Last week, one of the events I covered for Speed was Hong Kong Tourism Board’s (HKTB) “Best of All, It’s in Hong Kong” global brand campaign launch that invites foreign visitors to #DiscoverHongKong like a local. It was timely because S and I are booked to go to Hong Kong in a few weeks.
The event wasn’t held in Hong Kong but at Ascott Bonifacio Global City. To recreate the Hong Kong feel, they named our tables after Hong Kong’s Mass Transit Railway (MTR) stations. I was seated at Kennedy Town, which is a relatively new area in Hong Kong for good restaurants. The highlight of the launch was a gourmet lunch treat made up of dishes curated by Chef Margarita Fores of Cibo.
Fores was awarded Asia’s Best Female Chef by Asia’s 50 Best Restaurants 2016, sponsored by S.Pellegrino and Acqua Panna. She is the only Filipino and female chef featured in the campaign advertisement of HKTB.
Under the “Best of All, It’s in Hong Kong” campaign, HKTB highlights four areas where visitors can enjoy a trip to Hong Kong: food, shopping, family activities, and outdoor activities. Sure, the first three are no-brainers, but do you know that you can get a good hike out of Hong Kong?
Hong Kong is very familiar to Filipinos. Many of us had our first international trip there because it was relatively easy and affordable to get to and explore. And for the longest time, it has been second home to countless OFWs and migrant Filipinos.
Aside from that, Chinese food is deeply ingrained in the Filipino food culture, so Cantonese cuisine isn’t anything new to many of us. But Fores was still able to put a surprising spin on the usual dishes available in Hong Kong, making sure to add a Filipino touch as well, primarily through her choice of ingredients. See the menu below and take note of the table setting that took a Chinese New Year theme.
This, being a Hong Kong-Philippines fare, mixes/adds the cooking process/flavors of one with the ingredients/dishes of another. Simply put, it’s a fusion, no matter how much you may hate that word.
The adobo got me curious–one, because of the fried battered pumpkin flower (it tastes good!) and two, because of katigbi, a kind of grain that is apparently being promoted as an alternative to rice. In English, it is called Job’s tears and is also known as Chinese barley. Its other names are coixseed and adlai. I would love to see this in more dishes and learn how to cook it But first, where is it available?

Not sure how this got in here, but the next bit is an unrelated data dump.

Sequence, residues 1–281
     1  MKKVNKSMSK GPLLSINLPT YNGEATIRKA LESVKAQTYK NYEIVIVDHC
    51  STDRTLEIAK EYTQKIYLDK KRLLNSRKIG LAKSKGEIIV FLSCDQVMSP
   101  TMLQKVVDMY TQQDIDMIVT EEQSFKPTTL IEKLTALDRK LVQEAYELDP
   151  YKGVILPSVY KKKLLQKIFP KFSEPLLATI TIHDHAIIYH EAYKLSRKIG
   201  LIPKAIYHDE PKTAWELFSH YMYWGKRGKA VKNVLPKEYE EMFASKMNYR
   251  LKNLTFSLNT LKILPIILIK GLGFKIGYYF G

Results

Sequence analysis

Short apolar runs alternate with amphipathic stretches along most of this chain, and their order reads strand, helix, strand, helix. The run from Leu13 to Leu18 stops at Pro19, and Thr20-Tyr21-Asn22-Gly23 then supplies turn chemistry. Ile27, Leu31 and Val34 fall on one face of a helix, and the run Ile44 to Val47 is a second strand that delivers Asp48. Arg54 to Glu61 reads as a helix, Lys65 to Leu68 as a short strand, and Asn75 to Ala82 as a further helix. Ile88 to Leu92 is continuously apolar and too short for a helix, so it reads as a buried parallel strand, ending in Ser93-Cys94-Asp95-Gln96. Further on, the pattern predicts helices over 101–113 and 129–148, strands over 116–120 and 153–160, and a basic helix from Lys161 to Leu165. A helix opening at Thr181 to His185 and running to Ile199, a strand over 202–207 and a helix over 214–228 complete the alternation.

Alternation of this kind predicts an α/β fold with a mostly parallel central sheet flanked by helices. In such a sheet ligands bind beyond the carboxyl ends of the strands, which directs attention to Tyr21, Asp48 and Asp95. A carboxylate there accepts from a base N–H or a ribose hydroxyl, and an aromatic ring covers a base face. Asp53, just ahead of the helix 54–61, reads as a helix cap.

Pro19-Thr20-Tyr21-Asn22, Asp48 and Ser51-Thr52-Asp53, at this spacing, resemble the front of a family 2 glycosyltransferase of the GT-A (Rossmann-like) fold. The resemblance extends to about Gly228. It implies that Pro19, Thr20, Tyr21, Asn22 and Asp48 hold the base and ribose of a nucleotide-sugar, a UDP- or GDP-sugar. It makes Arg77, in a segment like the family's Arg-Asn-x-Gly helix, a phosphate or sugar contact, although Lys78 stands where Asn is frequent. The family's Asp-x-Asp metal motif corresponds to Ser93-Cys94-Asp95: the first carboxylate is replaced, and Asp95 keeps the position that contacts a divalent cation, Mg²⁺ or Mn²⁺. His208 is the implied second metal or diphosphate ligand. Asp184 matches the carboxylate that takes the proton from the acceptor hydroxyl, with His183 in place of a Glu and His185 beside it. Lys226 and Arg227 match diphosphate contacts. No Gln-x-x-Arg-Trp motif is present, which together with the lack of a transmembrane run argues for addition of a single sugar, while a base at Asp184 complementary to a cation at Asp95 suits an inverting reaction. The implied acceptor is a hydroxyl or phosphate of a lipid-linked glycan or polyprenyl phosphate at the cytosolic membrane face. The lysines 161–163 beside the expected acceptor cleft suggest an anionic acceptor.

I especially liked the Handmade Egg Taglierini, which was Fores’ Asian take on Bolognese and was inspired by Cathay Pacific Business Lounge’s famous Dan Dan Mien. The egg noodles, and the minced pork and cured goose liver ragu combined Asian textures and flavors in an Italian guise. It was delightful and mind-boggling at the same time.
If I heard her correctly while introducing the dish, she handcarried the sausages from Hong Kong’s Yung Kee restaurant, which is known for this signature offering and, of course, roast goose.
What I cannot forget was one of the desserts: the Salted Egg Panna Cotta. It used pili milk, was topped with coconut caramel, had small sago, and had candied Batangas coffee. The last was made to look like a thin coral standing in the middle of the custard, but mine fell before I got to take a picture.
Can you imagine the different flavors and textures in that single dish? The coffee coral was hard and bitter, the caramel thick and sweet, the sago gelatinous, and the custard soft and rich. They all complemented each other very well. It was heaven. It was divine. It was comfort in a glass. I kept on putting in my mouth one scoop after another because I just can’t quite grasp and get enough of it. It was like the first time I tasted salted caramel popcorn but 100 percent more perplexingly amazing.
Yes, that was the best part. The sad part? I don’t know where and when I would taste that panna cotta again.